Hargan put in 12 major league seasons – eight with Cleveland – for a combined record of 87-107 with a 3.92 ERA. He was a member of the American League All-Star team in 1967.

 

 

 

 

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Johnny’s Jolt Bounces Bucs

 

This Week in 1960s Baseball …

(August 25, 1963) A dramatic eleventh-inning home run by Johnny Callison propelled the Philadelphia Phillies to a 4-2 victory over the Pittsburgh Pirates.

Johnny Callison's walk-off home run in the 11th inning lifted the Phillies past the Pirates 4-2.

Johnny Callison’s walk-off home run in the 11th inning lifted the Phillies past the Pirates 4-2.

It was Callison’s nineteenth home run of the season. The walk-off blast came at the expense of Pirates reliever Roy Face (3-7).

The Pirates opened the scoring in the third inning on Bob Bailey’s sacrifice fly. The Pirates added another run in the seventh inning off Phillies reliever John Boozer.

The Pirates starter, Bob Veale, allowed no runs on four hits through the first seven innings. The Phillies scored their first run in the eighth inning off reliever Harvey Haddix. Philadelphia tied the game in the ninth inning on Tony Taylor’s lead-off home run.

Taylor singled with one out in the eleventh inning, and scored the game-winning run on Callison’s homer.

Veteran reliever Roy Face gave up the winning home run.

Veteran reliever Roy Face gave up the winning home run.

The winning pitcher was Jack Baldschun (10-5), who shut out the Pirates on one hit over the last three innings.

Maybe Roy Face shouldn’t have faced Callison in the eleventh with the game on the line. During the 1963 season, Callison batted .733 in extra innings.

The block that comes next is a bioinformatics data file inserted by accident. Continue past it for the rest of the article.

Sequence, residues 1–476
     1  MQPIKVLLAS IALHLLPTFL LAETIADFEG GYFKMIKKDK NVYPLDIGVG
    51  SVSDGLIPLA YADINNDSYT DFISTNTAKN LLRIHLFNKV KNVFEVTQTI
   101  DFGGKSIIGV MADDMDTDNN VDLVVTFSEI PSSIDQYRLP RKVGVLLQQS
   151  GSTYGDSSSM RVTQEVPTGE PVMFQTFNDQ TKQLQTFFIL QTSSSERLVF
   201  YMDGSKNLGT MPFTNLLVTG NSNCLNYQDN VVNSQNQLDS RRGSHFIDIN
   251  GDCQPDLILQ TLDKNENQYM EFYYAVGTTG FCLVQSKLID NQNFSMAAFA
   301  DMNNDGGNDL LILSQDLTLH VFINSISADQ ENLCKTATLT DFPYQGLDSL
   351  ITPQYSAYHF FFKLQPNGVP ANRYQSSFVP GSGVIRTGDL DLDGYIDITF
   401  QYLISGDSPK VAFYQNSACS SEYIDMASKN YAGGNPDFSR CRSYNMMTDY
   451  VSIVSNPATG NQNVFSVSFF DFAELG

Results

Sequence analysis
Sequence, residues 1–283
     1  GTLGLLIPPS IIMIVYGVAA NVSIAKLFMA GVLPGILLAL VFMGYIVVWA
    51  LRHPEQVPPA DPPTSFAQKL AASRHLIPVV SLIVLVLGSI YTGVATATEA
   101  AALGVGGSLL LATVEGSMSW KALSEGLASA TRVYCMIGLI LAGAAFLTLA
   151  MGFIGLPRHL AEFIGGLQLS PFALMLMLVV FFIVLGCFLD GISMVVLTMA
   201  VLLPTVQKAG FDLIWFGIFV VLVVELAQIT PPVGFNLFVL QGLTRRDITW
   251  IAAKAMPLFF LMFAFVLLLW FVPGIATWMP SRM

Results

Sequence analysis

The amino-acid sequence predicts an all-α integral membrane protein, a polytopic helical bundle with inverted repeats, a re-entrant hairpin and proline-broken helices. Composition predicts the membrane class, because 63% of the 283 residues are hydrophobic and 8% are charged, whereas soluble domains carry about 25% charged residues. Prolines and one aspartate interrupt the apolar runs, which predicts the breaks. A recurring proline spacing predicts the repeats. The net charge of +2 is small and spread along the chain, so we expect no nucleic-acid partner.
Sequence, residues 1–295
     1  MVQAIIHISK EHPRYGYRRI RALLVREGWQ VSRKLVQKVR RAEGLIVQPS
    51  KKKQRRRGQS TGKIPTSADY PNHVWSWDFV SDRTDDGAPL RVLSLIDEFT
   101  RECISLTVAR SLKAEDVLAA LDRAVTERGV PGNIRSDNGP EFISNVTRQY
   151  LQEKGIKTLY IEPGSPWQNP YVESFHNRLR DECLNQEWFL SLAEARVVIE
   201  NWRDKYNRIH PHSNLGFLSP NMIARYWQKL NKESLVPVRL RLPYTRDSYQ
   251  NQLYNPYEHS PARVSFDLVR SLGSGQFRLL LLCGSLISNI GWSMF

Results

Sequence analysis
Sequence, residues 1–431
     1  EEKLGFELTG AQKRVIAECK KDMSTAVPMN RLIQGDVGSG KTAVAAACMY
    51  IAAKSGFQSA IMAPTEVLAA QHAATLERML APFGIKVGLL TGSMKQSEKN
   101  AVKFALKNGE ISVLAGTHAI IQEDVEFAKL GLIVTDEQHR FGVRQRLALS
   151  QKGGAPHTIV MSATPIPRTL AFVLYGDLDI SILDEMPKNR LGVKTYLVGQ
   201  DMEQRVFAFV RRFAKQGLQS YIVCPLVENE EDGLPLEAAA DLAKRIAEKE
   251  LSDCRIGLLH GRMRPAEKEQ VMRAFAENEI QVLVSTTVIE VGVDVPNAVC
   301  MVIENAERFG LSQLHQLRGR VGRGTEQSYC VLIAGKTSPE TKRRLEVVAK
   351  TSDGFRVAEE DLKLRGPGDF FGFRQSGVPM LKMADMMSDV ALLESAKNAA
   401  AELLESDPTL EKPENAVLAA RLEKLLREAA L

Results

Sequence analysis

Mudcat Fever

 

Career Year – Jim Grant (1965)

Jim (Mudcat) Grant was an effective starting pitching for the Cleveland Indians from 1958 to 1964. The right-hander averaged 11 victories and 192 innings per season for the Tribe, and was sixth in the American League in wins in 1961 when he went 15-9 with a 3.86 ERA.

Prior to 1965, Mudcat Grant's best season was 1961, when he went 15-9 for the Cleveland Indians.

Prior to 1965, Mudcat Grant’s best season was 1961, when he went 15-9 for the Cleveland Indians.

The 1961 season was his best in a Cleveland uniform. But it paled in comparison to what Grant accomplished a year after arriving in the Twin Cities.

In June of 1964, the Indians traded Grant to the Minnesota Twins for infielder George Banks and pitcher Lee Stange. Grant was immediately inserted into a Twins starting rotation that already included Camilo Pascual, Jim Kaat and Dick Stigman. Grant pitched well for the Twins over the rest of the 1964 season, going 11-9 with a 2.82 earned run average. But his best was yet to come.

In 1965, Grant went unbeaten through May, winning his first five decisions, four of them with complete games. He was 9-2 at the All-Star break, and pitched two All-Star innings, allowing a pair of runs on a Willie Stargell home run.

Grant continued his excellent pitching in the season’s second half. He dropped his first start after the All-Star game, and then won five games in a row and eight of his next nine decisions. He finished the regular season at 21-7, leading the league in wins, winning percentage (.750) and shutouts (6). He also established career bests in innings pitched (270.1), starts (39) and complete games (14).

Grant was 21-7 for the Minnesota Twins in 1965, leading the American League in wins and shutouts (6).

Grant was 21-7 for the Minnesota Twins in 1965, leading the American League in wins and shutouts (6).

As the ace of the American League champions, Grant finished sixth in the voting for Most Valuable Player.

His fine pitching extended into the postseason. Against the Los Angeles Dodgers in the 1965 World Series, Grant was 2-1 with a 2.74 ERA. He won Game Six with his arm and his bat, pitching a six-hit complete game on two days’ rest and hitting a three-run homer in the sixth inning.

Grant would win 13 games for the Twins in 1966, but that would be the highest victory total over the rest of his career. Converted to a relief pitcher, he played for five different teams from 1968-1971, and retired after the 1971 season. Over a 14-year major league career, Grant was 145-119 with a 3.63 ERA.